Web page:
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[[Image:Polk-St-south-across-Market-to-10th-St-July-2-1937-SFDPW.jpg|720px]]
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'''South across Market to 10th Street from Polk Street, July 2, 1937.'''
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''Photo: SFDPW, courtesy C.R. collection''
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But in 1963, real estate philistines bought the property, tore down the most magnificent building in San Francisco, and erected a high-rise eyesore in its place.
  
 
Plenty of San Franciscans cursed the idiocy of those responsible. But one San Franciscan went further. On the night of the Fox Theater's final show, as the dying Wurlitzer cords echoed through the cavernous theater, future Satanist leader Anton LaVey, then the Fox organist, thundered out a formal imprecation against the owners and the property. Since then, the building is said to have experienced problem after problem, and is believed by many to be cursed.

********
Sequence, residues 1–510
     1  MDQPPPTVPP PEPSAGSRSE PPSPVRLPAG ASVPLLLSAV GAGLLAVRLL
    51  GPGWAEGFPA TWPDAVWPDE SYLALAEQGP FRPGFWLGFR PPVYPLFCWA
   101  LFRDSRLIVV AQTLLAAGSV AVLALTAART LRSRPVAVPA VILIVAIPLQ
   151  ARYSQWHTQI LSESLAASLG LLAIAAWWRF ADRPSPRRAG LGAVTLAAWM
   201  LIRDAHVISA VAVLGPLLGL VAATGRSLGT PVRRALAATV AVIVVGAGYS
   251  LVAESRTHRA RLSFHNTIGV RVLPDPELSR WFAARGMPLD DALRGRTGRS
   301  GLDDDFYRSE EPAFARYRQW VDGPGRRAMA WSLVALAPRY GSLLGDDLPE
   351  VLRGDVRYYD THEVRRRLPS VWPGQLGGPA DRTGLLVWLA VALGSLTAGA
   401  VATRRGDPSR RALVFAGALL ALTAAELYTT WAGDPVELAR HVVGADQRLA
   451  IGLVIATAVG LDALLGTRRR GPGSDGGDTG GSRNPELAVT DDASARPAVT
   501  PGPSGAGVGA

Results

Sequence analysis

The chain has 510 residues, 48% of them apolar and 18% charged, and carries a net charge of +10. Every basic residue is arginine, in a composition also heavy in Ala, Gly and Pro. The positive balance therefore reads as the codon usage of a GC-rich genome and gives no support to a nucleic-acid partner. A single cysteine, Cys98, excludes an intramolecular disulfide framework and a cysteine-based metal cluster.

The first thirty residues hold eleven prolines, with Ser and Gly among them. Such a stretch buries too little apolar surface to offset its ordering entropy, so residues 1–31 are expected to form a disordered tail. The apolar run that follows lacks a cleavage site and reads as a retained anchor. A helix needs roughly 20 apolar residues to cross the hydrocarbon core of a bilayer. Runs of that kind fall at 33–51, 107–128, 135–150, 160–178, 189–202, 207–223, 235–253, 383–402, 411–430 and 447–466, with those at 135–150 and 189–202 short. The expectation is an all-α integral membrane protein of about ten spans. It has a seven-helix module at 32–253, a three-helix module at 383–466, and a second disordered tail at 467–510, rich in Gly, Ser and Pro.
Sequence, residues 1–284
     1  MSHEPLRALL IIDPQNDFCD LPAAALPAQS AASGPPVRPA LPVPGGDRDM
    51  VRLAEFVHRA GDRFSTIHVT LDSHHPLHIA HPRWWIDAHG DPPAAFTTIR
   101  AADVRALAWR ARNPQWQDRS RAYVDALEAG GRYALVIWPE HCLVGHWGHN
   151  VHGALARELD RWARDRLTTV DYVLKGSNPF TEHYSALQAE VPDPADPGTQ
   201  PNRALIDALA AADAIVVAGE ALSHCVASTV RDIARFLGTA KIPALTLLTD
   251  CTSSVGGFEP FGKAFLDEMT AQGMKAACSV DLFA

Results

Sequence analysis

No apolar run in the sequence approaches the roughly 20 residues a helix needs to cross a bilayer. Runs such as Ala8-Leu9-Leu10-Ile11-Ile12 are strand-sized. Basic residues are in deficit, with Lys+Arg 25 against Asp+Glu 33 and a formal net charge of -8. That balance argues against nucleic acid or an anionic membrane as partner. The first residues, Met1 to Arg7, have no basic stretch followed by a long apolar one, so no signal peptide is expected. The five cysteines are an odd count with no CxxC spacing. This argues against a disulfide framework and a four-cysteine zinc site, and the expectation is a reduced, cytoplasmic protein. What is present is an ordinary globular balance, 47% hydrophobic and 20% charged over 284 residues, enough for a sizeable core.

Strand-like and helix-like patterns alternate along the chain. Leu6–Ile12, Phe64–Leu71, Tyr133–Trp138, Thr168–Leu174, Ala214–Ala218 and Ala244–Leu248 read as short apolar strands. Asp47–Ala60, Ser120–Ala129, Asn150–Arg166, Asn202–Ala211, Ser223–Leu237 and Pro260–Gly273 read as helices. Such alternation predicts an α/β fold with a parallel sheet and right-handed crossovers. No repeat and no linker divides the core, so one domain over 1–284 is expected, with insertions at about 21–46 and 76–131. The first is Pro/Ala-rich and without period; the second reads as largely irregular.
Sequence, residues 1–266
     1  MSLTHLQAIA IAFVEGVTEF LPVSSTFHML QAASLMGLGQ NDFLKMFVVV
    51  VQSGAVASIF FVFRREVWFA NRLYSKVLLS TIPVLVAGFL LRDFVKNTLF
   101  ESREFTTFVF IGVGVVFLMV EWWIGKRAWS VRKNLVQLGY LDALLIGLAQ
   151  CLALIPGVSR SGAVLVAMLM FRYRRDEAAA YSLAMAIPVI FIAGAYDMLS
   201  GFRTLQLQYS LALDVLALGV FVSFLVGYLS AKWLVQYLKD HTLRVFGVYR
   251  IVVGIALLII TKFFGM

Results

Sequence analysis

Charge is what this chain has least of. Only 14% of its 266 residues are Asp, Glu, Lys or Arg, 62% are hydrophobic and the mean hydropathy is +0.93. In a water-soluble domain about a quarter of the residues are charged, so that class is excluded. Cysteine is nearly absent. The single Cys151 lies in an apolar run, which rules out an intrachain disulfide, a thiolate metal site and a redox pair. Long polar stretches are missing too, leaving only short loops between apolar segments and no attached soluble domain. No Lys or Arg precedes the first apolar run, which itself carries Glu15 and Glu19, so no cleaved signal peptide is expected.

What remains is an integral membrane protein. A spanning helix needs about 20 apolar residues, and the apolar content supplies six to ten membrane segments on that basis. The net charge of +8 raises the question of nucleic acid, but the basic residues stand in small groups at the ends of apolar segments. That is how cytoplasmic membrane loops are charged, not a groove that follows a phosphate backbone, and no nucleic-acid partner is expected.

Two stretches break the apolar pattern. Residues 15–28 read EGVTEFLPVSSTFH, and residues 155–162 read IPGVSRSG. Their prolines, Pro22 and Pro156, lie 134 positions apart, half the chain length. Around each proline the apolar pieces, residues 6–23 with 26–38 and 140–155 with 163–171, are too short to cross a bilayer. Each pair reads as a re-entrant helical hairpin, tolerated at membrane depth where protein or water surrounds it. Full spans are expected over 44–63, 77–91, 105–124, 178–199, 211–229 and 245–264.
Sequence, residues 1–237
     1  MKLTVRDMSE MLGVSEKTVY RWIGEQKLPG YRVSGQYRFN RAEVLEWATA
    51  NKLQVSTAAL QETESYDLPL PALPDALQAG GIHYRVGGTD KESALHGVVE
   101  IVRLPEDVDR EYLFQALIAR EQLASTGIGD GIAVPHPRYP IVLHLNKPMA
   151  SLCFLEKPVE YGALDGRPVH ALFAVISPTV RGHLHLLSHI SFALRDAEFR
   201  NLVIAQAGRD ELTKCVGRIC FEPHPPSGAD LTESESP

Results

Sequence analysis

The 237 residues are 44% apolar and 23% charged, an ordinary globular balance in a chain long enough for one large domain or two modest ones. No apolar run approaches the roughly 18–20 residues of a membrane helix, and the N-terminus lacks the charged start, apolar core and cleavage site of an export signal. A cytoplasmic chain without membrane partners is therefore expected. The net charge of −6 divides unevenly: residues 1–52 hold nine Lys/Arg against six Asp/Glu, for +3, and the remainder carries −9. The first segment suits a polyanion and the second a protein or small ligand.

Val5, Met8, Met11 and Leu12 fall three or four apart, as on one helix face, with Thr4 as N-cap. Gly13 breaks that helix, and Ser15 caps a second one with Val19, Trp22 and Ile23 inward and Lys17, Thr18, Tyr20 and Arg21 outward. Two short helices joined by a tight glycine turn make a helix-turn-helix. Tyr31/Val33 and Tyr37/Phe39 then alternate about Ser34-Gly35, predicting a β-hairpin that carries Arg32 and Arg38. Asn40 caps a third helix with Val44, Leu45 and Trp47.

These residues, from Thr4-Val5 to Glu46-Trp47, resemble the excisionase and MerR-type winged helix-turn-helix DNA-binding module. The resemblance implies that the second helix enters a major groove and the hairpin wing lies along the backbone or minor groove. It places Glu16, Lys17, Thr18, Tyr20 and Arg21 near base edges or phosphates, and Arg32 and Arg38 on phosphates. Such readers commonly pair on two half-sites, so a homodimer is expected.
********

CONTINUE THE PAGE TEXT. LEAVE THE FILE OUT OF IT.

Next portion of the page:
Plenty of San Franciscans cursed the idiocy of those responsible. But one San Franciscan went further. On the night of the Fox Theater's final show, as the dying Wurlitzer cords echoed through the cavernous theater, future Satanist leader Anton LaVey, then the Fox organist, thundered out a formal imprecation against the owners and the property. Since then, the building is said to have experienced problem after problem, and is believed by many to be cursed.
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''--Dr. Weirde''
 
''--Dr. Weirde''
  
[[Ken Dowlin: Book Dumper |Prev. Document]] [[Russian Hill Hangings |Next Document]]
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[[Image:MA7E28~1.JPG|800px]]
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'''Market and 10th c 1890. This was the entrance to the Panorama Building at 1331 Market Street, built in 1887. It led to a huge circular drum in the rear of the lot where 360 degree paintings of dramatic historical events were on view, the so-called Cyclorama being a precursor to cinema.'''
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''Photo: OpenSFHistory.org, wnp67.0131''
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[[Ken Dowlin: Book Dumper |Prev. Document]]     [[Fox Theater |Next Document]]